But I'm not here to debate the merits or flaws of these movies, I'm here today to talk about one of the funniest and most simpleminded complaints I've seen about Disney's Star Wars efforts thus far: "There's not enough lightsaber duels!" Yes, I actually saw someone post this as a reason not to like the Disney Star Wars films. Of the soon-to-be four films so far, only one has featured a traditional lightsaber duel. Sweet mother of Jeebus, what has this fanbase come to?
This gripe is pure hilarity, something a third-grader would complain about. Is the quality/quantity of lightsaber duels directly proportional to the quality of the overall film? Let's look back at the original two movies, most unanimously considered the two best. A New Hope features one awkwardly staged duel between an old man and a bodybuilder in a cumbersome mask. The choreography is stilted, simplistic, and impeded by the fragility of the "blades" being used. For the 1977 debut film the sabers were made of a reflective but delicate material that would break easily when Alec Guinness and David Prowse bashed them together. So the first-ever Star Wars lightsaber fight was extremely limited and is generally considered the worst of all of them. Yet A New Hope is one of the most beloved films of all time. Is anyone really judging this movie based on the lightsaber duel? Don't answer that, someone probably is...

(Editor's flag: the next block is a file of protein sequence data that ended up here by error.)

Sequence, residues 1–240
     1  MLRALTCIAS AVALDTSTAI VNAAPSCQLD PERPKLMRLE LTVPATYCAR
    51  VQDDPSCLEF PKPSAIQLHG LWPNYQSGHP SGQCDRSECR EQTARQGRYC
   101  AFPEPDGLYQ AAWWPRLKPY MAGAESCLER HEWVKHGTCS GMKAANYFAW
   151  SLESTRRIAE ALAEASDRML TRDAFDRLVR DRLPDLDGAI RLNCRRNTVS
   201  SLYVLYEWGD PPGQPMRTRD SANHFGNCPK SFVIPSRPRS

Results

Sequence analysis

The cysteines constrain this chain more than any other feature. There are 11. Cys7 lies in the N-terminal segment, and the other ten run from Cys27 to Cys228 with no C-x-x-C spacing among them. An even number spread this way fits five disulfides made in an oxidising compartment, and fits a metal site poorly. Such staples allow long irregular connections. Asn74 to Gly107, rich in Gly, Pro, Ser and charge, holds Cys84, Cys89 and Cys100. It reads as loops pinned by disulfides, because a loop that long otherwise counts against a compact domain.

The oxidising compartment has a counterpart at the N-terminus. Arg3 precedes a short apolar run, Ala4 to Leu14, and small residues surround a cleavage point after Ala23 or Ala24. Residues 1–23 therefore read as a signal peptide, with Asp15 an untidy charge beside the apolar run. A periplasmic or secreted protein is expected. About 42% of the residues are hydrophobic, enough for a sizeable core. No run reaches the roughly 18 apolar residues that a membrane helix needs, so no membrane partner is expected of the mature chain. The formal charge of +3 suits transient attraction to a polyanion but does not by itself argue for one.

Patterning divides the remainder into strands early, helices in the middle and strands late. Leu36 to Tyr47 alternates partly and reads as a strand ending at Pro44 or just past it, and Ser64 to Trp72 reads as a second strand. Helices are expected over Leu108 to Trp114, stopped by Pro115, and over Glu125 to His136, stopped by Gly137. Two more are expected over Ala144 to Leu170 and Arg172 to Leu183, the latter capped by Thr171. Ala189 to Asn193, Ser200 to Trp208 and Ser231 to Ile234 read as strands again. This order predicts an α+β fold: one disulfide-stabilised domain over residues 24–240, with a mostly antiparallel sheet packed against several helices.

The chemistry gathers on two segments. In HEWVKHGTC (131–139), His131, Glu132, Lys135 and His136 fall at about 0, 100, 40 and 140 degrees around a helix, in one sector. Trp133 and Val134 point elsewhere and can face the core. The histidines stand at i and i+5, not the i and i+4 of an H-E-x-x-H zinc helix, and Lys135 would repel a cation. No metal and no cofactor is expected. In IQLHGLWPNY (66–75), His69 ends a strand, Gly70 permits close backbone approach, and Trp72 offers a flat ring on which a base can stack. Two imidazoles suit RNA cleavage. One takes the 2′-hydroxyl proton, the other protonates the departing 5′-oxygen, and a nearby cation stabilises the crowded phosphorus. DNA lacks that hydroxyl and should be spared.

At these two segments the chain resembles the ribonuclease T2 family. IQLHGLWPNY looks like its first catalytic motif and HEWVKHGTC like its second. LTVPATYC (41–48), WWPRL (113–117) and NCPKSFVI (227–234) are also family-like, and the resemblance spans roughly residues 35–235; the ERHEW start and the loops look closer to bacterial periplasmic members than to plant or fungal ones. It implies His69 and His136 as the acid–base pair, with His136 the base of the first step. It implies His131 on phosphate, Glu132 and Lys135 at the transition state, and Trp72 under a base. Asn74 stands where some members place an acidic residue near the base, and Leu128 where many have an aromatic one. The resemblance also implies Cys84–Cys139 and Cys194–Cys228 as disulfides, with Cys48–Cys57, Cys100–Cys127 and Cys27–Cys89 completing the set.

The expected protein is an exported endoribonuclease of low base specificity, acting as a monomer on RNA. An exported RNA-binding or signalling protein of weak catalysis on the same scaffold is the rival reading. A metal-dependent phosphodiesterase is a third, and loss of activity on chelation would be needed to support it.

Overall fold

|This is about as athletic as this fight gets....|
The filmmakers learned from this sequence, and going forward used a much more durable material for the blades, adding the glowing laser effect completely in post-production. Thus every subsequent duel was much more lively and energetic, and the actors were able to really whack the swords together and give the scene a sense of urgency.